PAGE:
Global Rescue member Rob Beaton has been traveling with his dogs for more than 20 years. In April and May 2021, he made a 3,418-mile loop around Baja, California, with his three travel companions: Whitney, Senna and Willow. 

A seasoned traveler, Beaton has developed what works for his dog family: voice control for off-leash exercise, leashes for urban areas and border crossings, and hamster cage water bottles for constant water access in the vehicle.  

[Related Reading: Hiking Safety Tips for You and Your Dog]

You’ll want to develop your own methods to keep everyone — two and four footed — safe and happy on your trip. Whether you’re opting for a road trip or an international destination this fall/winter, here’s a list of considerations for safe and smart travel with your dog. 

Start Small 


Your pet’s first trip should be a short one. In fact, plan a few trips with gradually longer distances: a car trip to a local dog park, a car trip for an overnight at a friends’ house, then a lengthy car trip to a pet-friendly hotel for a weekend. Practice — and have contingency plans in place if at any point your dog becomes anxious. 

Global Rescue members Chelsea and Rebekah Bakos-Kallgren have been practicing backyard camping with their 1-year-old puppy, Abol, before scheduling a 2022 summer trip.  

“We use an old tent and old sleeping bags perfect for sharp puppy nails,” said Bakos-Kallgren. “The rain fly creates a vestibule so she’s in her dog bed, outside the tent, but near us. It took a lot of treats but our first try was a success.”  

Visit Your Vet 

Even if you are just crossing state lines for a week-long vacation, make sure your dog is healthy. Check in with your local veterinarian, make sure all vaccinations are up to date, and get a baseline health status to bring any underlying conditions to light before travel. 

When traveling internationally with your pet(s), there may be animal health requirements for that destination. According to the U.S. Department of Agriculture Animal and Plant Health Inspection Service, factors to consider may include meeting time frames for obtaining a health certificate, updating vaccinations, diagnostic testing, or administration of medications/ treatments.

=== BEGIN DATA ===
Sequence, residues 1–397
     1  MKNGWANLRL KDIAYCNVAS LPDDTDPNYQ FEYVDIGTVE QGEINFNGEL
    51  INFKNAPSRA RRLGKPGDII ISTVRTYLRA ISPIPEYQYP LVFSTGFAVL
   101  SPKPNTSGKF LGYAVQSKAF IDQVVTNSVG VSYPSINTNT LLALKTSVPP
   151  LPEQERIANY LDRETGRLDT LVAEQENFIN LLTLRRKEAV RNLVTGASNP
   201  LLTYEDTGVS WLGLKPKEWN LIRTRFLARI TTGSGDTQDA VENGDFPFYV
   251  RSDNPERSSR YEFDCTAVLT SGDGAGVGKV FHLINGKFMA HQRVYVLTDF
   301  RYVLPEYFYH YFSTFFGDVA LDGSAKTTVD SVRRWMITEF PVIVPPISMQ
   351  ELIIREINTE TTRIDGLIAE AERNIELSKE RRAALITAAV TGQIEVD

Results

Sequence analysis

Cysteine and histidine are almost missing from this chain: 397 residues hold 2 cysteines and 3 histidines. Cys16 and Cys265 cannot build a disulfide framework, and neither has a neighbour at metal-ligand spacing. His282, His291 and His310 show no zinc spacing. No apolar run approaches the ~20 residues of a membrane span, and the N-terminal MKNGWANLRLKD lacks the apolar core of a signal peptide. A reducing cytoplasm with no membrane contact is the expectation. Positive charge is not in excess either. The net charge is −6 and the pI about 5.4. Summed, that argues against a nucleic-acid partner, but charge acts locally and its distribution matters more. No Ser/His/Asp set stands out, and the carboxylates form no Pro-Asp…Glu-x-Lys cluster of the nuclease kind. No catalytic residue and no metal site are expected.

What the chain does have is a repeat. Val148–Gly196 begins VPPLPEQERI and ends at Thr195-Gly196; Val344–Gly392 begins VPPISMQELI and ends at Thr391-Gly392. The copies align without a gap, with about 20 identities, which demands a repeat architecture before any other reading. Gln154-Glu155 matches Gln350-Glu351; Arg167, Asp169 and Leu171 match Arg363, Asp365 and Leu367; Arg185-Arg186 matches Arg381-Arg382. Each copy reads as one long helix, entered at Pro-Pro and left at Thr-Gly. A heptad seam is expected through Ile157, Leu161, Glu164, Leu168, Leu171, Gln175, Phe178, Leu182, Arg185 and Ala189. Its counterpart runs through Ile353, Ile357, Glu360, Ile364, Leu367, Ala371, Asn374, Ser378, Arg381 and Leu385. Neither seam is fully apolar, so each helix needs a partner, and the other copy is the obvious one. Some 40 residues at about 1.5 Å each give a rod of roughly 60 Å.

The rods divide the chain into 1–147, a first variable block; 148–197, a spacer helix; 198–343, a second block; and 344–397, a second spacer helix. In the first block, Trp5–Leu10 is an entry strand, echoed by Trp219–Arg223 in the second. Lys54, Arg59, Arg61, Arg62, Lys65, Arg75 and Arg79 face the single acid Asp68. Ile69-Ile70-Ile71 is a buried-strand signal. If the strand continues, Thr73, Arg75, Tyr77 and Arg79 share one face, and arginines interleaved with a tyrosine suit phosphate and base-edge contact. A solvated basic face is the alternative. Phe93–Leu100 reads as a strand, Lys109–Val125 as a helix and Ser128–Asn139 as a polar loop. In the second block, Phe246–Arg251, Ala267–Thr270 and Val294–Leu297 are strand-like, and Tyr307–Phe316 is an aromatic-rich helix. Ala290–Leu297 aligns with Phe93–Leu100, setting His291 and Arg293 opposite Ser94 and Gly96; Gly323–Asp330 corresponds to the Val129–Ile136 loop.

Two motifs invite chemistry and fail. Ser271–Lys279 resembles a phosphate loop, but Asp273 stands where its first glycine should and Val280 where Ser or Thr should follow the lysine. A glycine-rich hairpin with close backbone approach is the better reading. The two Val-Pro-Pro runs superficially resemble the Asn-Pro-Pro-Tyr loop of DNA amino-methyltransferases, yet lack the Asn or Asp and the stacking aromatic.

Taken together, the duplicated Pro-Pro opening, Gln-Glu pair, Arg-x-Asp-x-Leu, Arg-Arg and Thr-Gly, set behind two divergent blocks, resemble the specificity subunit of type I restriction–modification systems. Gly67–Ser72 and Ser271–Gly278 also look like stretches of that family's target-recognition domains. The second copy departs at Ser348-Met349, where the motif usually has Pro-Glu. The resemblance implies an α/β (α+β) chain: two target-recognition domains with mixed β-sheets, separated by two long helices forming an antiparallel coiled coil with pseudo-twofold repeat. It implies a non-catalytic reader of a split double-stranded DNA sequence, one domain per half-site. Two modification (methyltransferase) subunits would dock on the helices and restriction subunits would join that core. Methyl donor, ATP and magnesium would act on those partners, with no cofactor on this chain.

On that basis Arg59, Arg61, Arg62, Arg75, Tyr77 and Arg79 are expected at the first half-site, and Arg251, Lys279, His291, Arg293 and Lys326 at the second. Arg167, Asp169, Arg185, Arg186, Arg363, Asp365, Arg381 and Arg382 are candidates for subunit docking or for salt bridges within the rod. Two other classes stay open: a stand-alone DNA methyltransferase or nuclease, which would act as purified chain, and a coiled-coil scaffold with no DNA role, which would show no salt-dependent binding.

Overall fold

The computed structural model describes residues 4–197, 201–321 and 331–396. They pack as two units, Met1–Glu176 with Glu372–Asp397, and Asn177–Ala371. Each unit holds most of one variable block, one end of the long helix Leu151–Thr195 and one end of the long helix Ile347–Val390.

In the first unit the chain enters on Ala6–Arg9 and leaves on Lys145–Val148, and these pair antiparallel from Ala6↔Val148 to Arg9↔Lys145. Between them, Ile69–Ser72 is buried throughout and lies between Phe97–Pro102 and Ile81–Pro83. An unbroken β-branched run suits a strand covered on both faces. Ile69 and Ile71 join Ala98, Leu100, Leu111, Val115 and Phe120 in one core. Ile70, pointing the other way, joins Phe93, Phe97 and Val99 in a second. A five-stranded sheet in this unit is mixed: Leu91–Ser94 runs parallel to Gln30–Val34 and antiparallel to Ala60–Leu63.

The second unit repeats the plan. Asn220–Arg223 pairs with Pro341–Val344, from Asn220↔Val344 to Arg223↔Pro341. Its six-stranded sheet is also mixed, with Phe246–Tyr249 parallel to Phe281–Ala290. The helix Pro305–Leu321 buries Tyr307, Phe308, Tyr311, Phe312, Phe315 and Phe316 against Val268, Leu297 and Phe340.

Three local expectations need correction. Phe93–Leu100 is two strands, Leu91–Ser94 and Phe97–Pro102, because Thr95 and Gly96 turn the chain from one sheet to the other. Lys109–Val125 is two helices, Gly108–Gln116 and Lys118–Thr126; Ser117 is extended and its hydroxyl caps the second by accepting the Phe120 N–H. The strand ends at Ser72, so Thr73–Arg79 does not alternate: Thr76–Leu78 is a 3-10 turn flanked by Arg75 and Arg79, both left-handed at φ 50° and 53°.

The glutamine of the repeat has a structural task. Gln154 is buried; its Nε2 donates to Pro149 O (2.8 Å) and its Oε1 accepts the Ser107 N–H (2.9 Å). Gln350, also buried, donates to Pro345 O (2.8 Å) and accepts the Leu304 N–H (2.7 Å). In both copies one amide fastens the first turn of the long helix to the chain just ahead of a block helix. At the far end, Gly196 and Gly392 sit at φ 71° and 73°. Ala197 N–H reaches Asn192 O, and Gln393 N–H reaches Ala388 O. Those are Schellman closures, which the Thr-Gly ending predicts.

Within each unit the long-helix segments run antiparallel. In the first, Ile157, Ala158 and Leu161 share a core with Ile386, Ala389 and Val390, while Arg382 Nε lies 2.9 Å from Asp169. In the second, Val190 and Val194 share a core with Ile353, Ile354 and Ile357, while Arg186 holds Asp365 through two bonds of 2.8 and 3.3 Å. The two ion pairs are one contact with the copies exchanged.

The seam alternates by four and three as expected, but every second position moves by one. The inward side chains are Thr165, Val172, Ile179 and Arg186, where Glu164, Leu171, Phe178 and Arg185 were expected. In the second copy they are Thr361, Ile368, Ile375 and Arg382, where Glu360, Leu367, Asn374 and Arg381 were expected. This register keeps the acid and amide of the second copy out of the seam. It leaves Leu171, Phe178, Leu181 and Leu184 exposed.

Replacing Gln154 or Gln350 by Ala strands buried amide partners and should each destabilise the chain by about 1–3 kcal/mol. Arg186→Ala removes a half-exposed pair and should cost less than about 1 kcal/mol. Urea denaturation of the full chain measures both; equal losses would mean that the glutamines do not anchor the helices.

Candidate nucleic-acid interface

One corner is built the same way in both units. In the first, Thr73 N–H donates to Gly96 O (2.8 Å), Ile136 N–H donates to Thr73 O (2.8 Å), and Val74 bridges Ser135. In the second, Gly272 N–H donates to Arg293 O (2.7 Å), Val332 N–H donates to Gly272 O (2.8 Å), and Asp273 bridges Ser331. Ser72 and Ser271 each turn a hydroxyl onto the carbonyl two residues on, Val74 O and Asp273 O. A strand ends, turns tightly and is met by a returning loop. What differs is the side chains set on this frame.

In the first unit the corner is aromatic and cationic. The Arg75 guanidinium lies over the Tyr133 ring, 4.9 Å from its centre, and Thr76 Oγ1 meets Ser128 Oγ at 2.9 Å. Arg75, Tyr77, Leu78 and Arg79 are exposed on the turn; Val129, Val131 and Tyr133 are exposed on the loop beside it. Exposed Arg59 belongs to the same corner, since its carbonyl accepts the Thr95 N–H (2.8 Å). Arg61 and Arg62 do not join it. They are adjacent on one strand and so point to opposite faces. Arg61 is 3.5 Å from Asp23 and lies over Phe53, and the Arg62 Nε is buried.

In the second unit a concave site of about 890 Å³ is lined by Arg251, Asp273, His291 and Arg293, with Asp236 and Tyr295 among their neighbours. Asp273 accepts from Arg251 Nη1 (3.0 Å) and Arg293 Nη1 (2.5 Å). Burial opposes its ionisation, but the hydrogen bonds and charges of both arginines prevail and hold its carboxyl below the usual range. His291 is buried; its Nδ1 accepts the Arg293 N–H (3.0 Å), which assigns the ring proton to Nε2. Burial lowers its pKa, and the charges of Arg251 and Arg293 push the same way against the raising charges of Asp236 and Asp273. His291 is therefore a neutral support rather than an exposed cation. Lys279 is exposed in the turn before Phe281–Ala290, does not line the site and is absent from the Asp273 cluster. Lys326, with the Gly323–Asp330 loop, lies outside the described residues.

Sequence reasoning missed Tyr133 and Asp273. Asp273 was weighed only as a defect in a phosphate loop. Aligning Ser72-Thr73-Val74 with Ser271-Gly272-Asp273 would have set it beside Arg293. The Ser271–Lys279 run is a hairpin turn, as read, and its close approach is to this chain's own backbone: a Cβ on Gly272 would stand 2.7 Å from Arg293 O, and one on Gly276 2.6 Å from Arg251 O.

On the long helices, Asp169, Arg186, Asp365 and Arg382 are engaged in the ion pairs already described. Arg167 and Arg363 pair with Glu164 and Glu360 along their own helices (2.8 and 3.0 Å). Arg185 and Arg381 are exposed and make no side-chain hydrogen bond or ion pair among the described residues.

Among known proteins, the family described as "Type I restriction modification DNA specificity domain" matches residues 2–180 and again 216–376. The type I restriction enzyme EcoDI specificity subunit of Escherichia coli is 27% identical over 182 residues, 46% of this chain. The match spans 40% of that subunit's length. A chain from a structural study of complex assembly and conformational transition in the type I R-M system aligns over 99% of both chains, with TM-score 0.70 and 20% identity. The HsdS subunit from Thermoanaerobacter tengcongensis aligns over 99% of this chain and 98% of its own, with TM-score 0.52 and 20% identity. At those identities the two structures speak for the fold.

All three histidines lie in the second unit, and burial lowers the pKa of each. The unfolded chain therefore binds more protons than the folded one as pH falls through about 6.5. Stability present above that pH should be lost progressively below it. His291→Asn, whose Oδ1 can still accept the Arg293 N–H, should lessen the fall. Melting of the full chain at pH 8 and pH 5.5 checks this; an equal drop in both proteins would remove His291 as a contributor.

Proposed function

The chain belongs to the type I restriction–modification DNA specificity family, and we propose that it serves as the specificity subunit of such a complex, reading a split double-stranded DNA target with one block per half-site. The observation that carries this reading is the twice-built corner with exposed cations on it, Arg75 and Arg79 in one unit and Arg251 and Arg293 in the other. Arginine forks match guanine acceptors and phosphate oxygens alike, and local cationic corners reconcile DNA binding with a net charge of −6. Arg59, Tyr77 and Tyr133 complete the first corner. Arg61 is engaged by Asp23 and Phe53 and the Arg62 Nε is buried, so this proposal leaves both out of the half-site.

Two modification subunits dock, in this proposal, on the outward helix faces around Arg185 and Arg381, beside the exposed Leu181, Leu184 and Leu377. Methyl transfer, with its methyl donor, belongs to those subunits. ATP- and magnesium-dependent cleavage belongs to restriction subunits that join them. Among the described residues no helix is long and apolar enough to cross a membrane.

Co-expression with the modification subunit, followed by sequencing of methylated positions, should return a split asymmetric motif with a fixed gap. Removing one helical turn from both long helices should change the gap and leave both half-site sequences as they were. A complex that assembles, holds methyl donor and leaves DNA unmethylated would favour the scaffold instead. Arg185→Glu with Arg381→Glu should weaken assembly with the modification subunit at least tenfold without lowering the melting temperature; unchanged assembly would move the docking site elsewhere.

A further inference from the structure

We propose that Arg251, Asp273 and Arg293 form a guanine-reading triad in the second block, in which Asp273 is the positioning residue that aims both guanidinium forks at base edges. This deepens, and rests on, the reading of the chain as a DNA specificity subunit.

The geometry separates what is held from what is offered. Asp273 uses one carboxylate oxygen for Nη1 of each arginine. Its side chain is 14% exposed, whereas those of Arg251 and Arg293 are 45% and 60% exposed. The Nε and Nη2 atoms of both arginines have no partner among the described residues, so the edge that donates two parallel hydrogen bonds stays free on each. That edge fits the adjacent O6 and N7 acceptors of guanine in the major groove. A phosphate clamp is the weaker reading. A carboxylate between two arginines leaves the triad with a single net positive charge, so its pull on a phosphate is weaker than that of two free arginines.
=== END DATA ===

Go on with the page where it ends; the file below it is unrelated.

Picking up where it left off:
Bring Paperwork 

Just as you would bring your driver’s license and passport, your dog will need a collar with ID tags. It’s also wise to pack a copy of your dog’s vaccination records, which you might need if your pet is ill or needs to be boarded for a day during your trip. Usually a copy on your phone will be enough, or you can keep a copy in your glove box for safe keeping. Be sure to have a photo of your pet and any microchip documentation if they do happen to leave your side. 

Have the Right Safety Gear 


Your pet will need a variety of safety devices depending on the type of vacation you have planned: a carrier or harness for car travel, a life jacket for water exploration or a reflective vest for hiking. A microfiber dog towel is handy there’s unexpected bad weather or water play. 

You’ll also pack food, snacks and plenty of water. Make sure you have a water bowls for a variety of situations, such as stable for car travel or collapsible for on the go. Water should be accessible at all times — like Beaton does with the hamster cage water bottles — so your pet doesn’t have to wait for you to stop for gas before getting a drink. Safe Travel partner Orvis offers a no-splash travel bowl as well as a weekender kit with collapsible bowls. 

Research Your Destination 

AAA, North America’s largest motoring and leisure travel organization, suggests researching your travel plans specifically for your pets. This means not only state animal policies — Hawaii, for example, requires a five-day quarantine period for pets who meet pre- and post-arrival requirements — but also drilling down to city, county and municipality breed-specific regulations. 

  • Never show up to a location assuming it is pet-friendly. Depending on your plans, you’ll want to research: 
  • Hotels: some allow pets to stay for free while others have a per-night fee 
  • Campground or RV park: many have leash laws 
  • National parks: many have strict dog regulations due to wildlife 
  • Restaurants: some outdoor seating establishments welcome pets 

Prepare for Pit Stops